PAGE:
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A talented group of artists under the collective name S/ART/Q showcased an installation of a flurry of paper moths, an appealing Impressionistic series of the study of cocks (safe for work as we’re talking about roosters), a large sculptural dissection of a scrumptious slice of tiered wedding cake, a charming Hopper-esque painting of a local eatery in Somewhere, U.S.A., and a cuckoo clock which must have been magnetic and then went streaking down the aisle of a hardware store; rulers, levelers, tape wheels and more affixed to it for geometric emphasis.
Moving on to the room next door, you’re given superpowers and know what the world looks like through the eyes of the Flash as he zooms down Hollywood Boulevard in Los Angeles, and then you pause to view a rainy Broadway in Time Square after leaving Christopher Maslow’s room of splatter and spray paint streetscapes. David Burton, who just might be related to film director Tim Burton considering the sculptor’s macabre esthetic, is in the room across the way. His many pieces offer the marriage of the color black on everything, a frame, and a mélange of rock-n-roll, Disney characters and dollar-store tchotchkes to create what might be the perfect gift for Rosemary’s baby’s first birthday. And Evan Boggess’s room displays a skilled hand that takes oil, acrylic and spray paints to turn his canvases into well-composed symphonies of broad, smooth lines and planes in unison with messy swarms of color, indicative of Franklin Lloyd Wright’s plain-colored terraces jutting into an expansive forest of greens, browns, and moving water.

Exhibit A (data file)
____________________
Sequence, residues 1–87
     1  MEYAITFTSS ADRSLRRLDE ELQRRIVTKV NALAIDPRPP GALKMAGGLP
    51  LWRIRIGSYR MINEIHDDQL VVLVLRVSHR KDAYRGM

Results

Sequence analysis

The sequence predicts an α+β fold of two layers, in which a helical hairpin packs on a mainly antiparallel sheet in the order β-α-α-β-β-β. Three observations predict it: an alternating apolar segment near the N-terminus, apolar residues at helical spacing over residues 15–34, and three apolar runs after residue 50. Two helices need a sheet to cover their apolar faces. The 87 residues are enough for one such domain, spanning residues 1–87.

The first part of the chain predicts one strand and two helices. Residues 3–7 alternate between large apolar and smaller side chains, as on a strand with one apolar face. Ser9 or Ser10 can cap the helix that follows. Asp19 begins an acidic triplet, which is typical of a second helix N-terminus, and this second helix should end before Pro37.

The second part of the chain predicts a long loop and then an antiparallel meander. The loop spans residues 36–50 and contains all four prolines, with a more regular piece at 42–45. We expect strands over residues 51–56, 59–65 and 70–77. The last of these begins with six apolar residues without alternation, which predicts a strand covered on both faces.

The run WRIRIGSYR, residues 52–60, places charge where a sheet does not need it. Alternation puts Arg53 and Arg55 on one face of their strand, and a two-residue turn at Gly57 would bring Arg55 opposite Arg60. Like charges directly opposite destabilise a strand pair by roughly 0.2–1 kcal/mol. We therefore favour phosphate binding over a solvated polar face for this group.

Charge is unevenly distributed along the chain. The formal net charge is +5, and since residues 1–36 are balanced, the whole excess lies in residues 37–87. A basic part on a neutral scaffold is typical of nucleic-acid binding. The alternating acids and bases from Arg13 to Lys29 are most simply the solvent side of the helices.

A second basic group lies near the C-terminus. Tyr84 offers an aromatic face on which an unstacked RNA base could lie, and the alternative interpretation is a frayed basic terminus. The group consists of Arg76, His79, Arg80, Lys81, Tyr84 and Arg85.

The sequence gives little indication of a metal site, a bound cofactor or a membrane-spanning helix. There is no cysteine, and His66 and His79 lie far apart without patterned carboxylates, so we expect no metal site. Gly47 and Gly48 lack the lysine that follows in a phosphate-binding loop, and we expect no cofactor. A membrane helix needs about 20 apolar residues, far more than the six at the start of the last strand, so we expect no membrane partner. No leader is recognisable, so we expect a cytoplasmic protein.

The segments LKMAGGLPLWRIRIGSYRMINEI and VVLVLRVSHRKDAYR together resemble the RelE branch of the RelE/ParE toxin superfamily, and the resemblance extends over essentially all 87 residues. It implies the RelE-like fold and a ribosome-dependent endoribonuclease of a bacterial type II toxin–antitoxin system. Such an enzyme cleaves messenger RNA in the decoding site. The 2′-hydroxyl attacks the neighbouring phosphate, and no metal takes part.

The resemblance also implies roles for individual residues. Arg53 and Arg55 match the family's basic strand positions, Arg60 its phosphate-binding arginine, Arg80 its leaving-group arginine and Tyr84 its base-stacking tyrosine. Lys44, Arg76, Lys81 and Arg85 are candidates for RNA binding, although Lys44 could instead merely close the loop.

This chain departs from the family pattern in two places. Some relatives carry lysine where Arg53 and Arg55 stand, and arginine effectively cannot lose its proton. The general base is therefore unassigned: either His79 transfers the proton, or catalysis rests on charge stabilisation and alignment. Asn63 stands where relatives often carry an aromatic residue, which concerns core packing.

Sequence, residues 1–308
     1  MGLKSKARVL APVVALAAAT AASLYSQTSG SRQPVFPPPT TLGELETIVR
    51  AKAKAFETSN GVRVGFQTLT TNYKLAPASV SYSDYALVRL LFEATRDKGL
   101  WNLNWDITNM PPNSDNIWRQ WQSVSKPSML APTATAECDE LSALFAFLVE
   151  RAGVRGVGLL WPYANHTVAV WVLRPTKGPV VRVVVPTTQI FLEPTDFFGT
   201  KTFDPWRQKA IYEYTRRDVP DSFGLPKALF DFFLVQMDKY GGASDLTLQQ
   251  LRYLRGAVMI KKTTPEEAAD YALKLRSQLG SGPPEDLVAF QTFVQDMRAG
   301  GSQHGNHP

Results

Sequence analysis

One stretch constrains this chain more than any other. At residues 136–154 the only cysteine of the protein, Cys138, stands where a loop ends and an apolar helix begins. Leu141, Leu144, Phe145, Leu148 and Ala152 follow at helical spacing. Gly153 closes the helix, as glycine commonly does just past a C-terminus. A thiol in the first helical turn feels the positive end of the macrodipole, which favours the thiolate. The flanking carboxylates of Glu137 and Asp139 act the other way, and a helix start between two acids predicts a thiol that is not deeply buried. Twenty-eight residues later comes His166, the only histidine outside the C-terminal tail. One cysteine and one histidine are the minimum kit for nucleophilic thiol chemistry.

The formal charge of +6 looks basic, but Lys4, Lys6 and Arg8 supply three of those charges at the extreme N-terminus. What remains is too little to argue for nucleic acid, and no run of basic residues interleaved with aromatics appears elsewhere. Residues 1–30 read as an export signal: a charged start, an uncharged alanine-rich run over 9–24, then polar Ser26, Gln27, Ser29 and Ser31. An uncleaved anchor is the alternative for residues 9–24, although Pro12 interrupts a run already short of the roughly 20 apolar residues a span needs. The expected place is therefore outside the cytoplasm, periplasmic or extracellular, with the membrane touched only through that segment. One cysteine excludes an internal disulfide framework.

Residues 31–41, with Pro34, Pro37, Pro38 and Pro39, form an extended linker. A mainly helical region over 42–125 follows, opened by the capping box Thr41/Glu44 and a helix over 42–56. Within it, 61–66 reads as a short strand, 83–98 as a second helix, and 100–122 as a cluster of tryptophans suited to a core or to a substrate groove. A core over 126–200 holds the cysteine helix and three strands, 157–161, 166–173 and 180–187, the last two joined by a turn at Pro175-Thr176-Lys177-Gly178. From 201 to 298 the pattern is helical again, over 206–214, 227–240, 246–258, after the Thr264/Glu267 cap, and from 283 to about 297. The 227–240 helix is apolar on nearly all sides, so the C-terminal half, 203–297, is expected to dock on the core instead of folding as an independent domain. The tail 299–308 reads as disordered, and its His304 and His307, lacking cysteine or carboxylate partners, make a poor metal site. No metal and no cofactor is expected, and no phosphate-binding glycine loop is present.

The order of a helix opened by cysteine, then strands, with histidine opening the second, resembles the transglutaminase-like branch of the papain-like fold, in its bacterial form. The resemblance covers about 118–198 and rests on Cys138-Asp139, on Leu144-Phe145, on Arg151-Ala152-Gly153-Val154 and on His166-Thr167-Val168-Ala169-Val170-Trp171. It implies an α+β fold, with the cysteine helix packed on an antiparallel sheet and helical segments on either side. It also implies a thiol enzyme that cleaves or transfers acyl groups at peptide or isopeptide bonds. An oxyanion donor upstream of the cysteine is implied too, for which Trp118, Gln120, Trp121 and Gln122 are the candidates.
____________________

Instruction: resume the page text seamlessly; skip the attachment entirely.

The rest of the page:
All of the fairs in Miami and Miami Beach are packed with these painted canvases and wood, sculptures, in addition to photography, furniture, video installations, and of course alcohol and fashionable people. Art Basel creates a perfect opportunity for all the world to see art work, and for the art world – collectors, advisors, dealers, gallerists, celebrities and artists – to promote themselves and sell their products. On display himself, I had to squeeze past Puff Daddy and his entourage so that I could observe the art without obstruction. I found it curious that Mr. Daddy could take in the true colors of the work through his tinted sunglasses, which got me to thinking about this whole art world, especially in Miami, as a legitimate thing, but my thoughts were dashed quite literally as fashion designer Tommy Hilfiger zoomed past me, his assistant rushing to keep up. Later on, Demi Moore was at one of the many V.I.P. art parties dancing like no one was watching, no one save Lenny Kravitz
who was sat next to her and looked like he’d really rather she stop.
As a native to coastal southeast Florida and its party scene, Moore’s brash dancing wasn’t surprising. From my biased thinking on Miami, where much is high-spirited and irreverent, of all the cities in the country, I wouldn’t think it to be first on the list as American host to grand international art fair. Before Art Basel, it was dance music, speed boats and bikinis – hot models on drugs, basically – that brought people to Miami. But, with all thanks due to Art Basel, Miami is now home to considerable contemporary art, and also to one of the country’s largest art communities called Wynwood.